A 6.7-magnitude earthquake jolted northwestern Japan on Monday morning, killing at least three people and injuring more than 400 others. The quake flattened dozens of wooden houses and triggered a fire at a nuclear power plant.
The area was plagued by a series of aftershocks, the strongest of which was magnitude 5.6. There were no immediate reports of additional damage or injuries from the aftershocks.
Three elderly women in Kashiwazaki were killed by the initial quake, hospital officials said. National broadcaster NHK reported more than 400 people were hurt.
"I was so scared - the violent shaking went on for 20 seconds," Ritei Wakatsuki, an employee of convenience store Lawson, told The Associated Press by telephone from Kashiwazaki. "I almost fainted by the fear of shaking."
The U.S. Geological Survey said the quake registered 6.7 magnitude. Koichi Uhira of Japan's Meteorological Agency warned that the aftershocks could continue for a week.
Flames and billows of black smoke poured from the Kashiwazaki nuclear plant. The fire, at an electrical transformer, was put out shortly after noon and there was no release of radioactivity or damage to the reactors, said Motoyasu Tamaki, a Tokyo Electric Power Co. The reactor and two others in the region had shut down automatically.
Some 2,000 people in Kashiwazaki were evacuated from their homes, city official Takashi Otsuka said.
NHK reported nearly 300 buildings in the city had been destroyed. The force of the quake buckled seaside roads and bridges, and one-yard wide fissures could been seen in the ground along the coastline.
A ceiling collapsed in a gym in Kashiwazaki where about 200 people had gathered for a badminton tournament, and one person suffered minor facial injuries, Kyodo reported. The quake also knocked a train car off the rails while it was stopped at a station. No one was injured.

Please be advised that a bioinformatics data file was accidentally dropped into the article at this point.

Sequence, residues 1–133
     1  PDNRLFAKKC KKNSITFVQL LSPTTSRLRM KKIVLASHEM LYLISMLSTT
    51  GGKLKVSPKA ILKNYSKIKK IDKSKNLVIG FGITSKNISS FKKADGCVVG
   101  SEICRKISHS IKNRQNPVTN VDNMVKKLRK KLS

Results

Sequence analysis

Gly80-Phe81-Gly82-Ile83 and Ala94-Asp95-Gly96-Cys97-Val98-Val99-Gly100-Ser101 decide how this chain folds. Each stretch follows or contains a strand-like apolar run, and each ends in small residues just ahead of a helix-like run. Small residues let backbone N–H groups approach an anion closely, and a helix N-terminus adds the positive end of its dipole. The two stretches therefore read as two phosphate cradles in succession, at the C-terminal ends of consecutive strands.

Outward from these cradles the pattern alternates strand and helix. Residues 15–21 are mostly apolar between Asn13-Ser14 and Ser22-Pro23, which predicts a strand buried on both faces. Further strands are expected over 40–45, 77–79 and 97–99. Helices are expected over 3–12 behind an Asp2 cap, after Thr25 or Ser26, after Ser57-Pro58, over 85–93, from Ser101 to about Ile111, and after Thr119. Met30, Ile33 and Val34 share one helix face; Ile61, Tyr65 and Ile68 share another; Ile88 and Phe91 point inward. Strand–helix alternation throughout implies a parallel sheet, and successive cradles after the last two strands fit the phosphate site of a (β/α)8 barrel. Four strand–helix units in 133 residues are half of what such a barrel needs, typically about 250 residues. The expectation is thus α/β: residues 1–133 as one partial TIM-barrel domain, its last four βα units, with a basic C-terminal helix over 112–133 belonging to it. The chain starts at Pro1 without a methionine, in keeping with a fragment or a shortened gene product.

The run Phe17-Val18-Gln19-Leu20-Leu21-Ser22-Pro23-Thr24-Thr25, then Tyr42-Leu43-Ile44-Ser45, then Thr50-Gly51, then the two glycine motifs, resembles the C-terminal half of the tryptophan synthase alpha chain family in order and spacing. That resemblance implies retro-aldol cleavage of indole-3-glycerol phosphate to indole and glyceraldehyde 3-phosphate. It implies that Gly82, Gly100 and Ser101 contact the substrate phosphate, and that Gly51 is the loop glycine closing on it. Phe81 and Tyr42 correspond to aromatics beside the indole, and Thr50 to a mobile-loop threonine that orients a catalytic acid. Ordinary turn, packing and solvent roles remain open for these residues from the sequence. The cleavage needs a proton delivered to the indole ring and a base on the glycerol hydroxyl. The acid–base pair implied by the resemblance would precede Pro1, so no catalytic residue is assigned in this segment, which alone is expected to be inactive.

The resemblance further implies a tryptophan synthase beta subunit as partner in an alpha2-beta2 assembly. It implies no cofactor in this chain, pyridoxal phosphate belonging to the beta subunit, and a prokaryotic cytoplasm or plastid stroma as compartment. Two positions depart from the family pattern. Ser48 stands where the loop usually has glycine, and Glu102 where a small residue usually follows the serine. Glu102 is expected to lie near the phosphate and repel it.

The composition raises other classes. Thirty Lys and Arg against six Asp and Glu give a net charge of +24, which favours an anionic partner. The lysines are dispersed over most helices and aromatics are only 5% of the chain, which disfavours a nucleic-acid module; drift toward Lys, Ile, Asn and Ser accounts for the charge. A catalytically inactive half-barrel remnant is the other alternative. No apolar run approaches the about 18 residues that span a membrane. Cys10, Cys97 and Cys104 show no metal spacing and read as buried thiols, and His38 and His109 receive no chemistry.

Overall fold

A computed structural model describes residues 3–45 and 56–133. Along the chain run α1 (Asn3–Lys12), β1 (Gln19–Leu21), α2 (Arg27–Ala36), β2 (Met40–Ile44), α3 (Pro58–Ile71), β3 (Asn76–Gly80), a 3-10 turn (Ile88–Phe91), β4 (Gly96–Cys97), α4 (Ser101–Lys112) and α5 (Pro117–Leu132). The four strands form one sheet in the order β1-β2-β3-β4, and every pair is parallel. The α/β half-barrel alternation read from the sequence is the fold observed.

The Meteorological Agency issued tsunami warnings along the coast of Niigata state, but the warnings were later lifted. Waves up to 20 inches were believed to have hit the coast, but no damage was reported.
Several bullet train services linking Tokyo and northern and northwestern Japan have been suspended. Officials said water and gas services for Kashiwazaki's 35,000 households were suspended after reports of gas leaks, reports said. About 18,000 households were without power as of Monday afternoon.
The quake, which hit the region at 10:13 a.m., was centered off the coast of Niigata, 160 miles northwest of the capital, Tokyo. The tremor made buildings in Tokyo sway and was also felt in northern and central Japan.
Prime Minister Shinzo Abe, campaigning in southern Japan for parliamentary elections later this month, was to return to Tokyo to deal with the quake, and the government had set up a task force, reports said.
Niigata Airport, which had suspended flights shortly after the quake, resumed services after finding no damage, Kyodo said.
Japan sits atop four tectonic plates and is one of the world's most earthquake-prone countries. The last major quake to hit the capital, Tokyo, killed some 142,000 people in 1923, and experts say the capital has a 90 percent chance of suffering a major quake in the next 50 years.
In October 2004, a magnitude-6.8 earthquake hit Niigata, killing 40 people and damaging more than 6,000 homes. It was the deadliest to hit Japan since 1995, when a magnitude-7.2 quake killed 6,433 people in the western city of Kobe.
Güncelleme Tarihi: 16 Temmuz 2007, 10:50